Wishing all the dads out there a Happy Father’s Day!

Day +3: The Pressure

Well, by 4:30am I can tell the the blood pressure (BP) is not what it should be as I’m a little shaky heading to the washroom. Sure enough with the 6am check its officially low again and I’m hooked to the IV once more. Seems like I’ll be pole dancing for several days now to keep the hydration up.

Shirley is back today! Hurrah! Complete with Starbucks, homemade lunch and re-supplies of all kinds of stuff. She got asked if she was moving in. 😉

We chat, play gin rummy, where I mostly lose, and have lunch together. During the morning the hospital decides I should get some additional blood culturing done to rule out any infection issues that might be causing the BP issue. Four samples are collected, two from a vein in my arm and another two (duplicate test) from the PICC line. My lab expert (Shirley) says it will be a couple of days before results are available. My temperature is fine and infection is unlikely, but good to be cautious.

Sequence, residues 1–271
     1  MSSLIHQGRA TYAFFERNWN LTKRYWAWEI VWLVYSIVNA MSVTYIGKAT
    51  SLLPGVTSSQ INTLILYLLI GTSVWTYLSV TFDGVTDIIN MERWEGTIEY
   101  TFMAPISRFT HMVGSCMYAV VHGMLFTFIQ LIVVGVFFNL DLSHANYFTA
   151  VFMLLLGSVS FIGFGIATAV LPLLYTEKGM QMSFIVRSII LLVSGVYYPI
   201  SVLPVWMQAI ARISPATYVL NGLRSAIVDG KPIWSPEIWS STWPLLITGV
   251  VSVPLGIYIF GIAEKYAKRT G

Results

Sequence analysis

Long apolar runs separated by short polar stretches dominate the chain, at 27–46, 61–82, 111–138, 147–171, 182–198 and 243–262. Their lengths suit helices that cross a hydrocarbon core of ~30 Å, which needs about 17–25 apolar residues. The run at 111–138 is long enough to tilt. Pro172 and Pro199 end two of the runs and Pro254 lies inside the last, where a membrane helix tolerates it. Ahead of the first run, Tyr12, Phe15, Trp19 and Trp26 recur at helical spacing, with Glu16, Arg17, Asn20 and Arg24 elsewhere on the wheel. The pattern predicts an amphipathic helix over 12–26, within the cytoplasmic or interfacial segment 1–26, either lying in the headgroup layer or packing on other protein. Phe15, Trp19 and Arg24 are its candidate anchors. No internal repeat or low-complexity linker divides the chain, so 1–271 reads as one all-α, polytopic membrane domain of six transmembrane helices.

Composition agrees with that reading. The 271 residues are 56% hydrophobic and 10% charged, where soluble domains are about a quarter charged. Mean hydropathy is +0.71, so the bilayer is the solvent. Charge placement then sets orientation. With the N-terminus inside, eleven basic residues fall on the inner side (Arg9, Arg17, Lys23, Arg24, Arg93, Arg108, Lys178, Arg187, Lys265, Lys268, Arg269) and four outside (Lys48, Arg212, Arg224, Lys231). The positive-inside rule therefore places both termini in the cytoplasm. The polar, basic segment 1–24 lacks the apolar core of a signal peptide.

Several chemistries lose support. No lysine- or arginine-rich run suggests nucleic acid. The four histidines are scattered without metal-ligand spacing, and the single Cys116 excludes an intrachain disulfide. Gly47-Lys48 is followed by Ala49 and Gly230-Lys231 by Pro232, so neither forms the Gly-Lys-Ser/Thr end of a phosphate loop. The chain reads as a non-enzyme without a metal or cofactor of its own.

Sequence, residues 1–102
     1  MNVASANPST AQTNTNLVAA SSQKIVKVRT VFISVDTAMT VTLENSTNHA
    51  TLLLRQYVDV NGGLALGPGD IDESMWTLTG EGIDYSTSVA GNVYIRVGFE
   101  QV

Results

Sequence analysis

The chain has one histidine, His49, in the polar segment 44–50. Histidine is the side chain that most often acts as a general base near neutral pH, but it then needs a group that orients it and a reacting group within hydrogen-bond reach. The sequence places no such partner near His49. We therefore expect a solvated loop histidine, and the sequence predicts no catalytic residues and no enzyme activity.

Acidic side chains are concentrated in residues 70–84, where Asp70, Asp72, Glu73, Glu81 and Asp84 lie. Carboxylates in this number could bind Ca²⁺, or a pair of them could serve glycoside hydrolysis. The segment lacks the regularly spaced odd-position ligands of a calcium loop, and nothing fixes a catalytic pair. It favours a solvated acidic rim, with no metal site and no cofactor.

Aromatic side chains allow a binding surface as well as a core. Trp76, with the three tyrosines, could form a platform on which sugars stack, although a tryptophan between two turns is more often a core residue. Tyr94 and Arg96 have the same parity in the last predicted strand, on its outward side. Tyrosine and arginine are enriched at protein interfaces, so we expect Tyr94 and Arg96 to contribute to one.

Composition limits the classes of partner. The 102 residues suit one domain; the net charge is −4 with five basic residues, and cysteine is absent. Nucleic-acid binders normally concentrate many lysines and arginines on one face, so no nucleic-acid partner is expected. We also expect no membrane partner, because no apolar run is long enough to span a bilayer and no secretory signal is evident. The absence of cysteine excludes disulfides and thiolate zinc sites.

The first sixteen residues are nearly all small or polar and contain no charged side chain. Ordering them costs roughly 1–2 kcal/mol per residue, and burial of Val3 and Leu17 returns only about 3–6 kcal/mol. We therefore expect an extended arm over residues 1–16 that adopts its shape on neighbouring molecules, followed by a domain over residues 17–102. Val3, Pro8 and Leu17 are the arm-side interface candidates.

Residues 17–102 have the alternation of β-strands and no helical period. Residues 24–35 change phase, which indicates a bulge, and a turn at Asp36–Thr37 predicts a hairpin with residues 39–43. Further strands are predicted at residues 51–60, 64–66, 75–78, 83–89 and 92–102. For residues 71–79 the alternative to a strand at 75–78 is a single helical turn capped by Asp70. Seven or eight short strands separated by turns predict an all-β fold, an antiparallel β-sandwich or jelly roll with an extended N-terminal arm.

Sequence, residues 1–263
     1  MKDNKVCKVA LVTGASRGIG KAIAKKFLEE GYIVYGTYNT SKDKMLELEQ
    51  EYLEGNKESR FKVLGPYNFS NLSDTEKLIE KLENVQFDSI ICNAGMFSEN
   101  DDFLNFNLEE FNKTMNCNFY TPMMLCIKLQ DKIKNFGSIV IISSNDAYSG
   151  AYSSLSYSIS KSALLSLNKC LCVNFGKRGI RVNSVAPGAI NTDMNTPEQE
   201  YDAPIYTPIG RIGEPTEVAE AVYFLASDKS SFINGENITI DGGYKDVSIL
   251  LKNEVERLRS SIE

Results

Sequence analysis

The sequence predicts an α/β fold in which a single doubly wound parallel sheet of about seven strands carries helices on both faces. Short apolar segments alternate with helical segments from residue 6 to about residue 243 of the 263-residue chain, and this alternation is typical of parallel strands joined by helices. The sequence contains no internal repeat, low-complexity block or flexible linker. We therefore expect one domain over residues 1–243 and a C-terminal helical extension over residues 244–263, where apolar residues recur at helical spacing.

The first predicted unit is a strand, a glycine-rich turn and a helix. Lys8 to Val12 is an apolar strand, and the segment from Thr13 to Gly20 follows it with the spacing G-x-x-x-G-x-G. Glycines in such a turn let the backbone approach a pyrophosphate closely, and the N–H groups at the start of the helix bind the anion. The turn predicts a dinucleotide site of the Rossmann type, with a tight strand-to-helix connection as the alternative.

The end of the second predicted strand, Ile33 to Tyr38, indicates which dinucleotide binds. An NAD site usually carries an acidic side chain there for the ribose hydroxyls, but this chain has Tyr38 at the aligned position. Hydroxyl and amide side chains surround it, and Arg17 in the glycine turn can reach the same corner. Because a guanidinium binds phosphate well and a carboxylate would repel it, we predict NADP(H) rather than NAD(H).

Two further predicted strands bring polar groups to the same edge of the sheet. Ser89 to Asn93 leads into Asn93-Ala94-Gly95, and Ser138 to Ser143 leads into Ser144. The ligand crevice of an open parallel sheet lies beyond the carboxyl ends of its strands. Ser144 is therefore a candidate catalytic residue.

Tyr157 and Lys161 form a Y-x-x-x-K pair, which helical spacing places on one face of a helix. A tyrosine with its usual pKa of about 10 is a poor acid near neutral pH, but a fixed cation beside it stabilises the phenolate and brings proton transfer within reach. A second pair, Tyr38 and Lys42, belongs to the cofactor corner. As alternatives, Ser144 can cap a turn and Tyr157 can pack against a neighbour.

More naps are in order for the afternoon.

Day +2: Memories

I’ve been thinking about my dad over the last couple of days, because of this.

Williams Lectric Shave

Guys seem to be either an electric razor guy or a blade guy. My dad was an electric razor guy all the way. Me, I’ve tried them on and off but settled on the blade for many years now. However, with the treatment, they recommend using an electric razor (or growing a beard ) as opposed to a blade to minimize the chance of getting a cut. A cut might pose two problems, one being bleeding due to low platlets etc. , and the other is a source of infection, to be avoided for sure at this point.

Turns out dry shaving with an electric razor is not optimum. Enter William’s Lectric Shave, the stuff my dad always used. I can still remember the smell. Fond memories for sure.

Today, I was pretty tired. Blood pressure has been low all day which leads to some dizziness when I get up at times. At around 10pm I’m re-connected to the IV pump to get a rapid infusion of saline solution. Within 1/2 hr I’m feeling a lot more energetic and the blood pressure is now textbook perfect.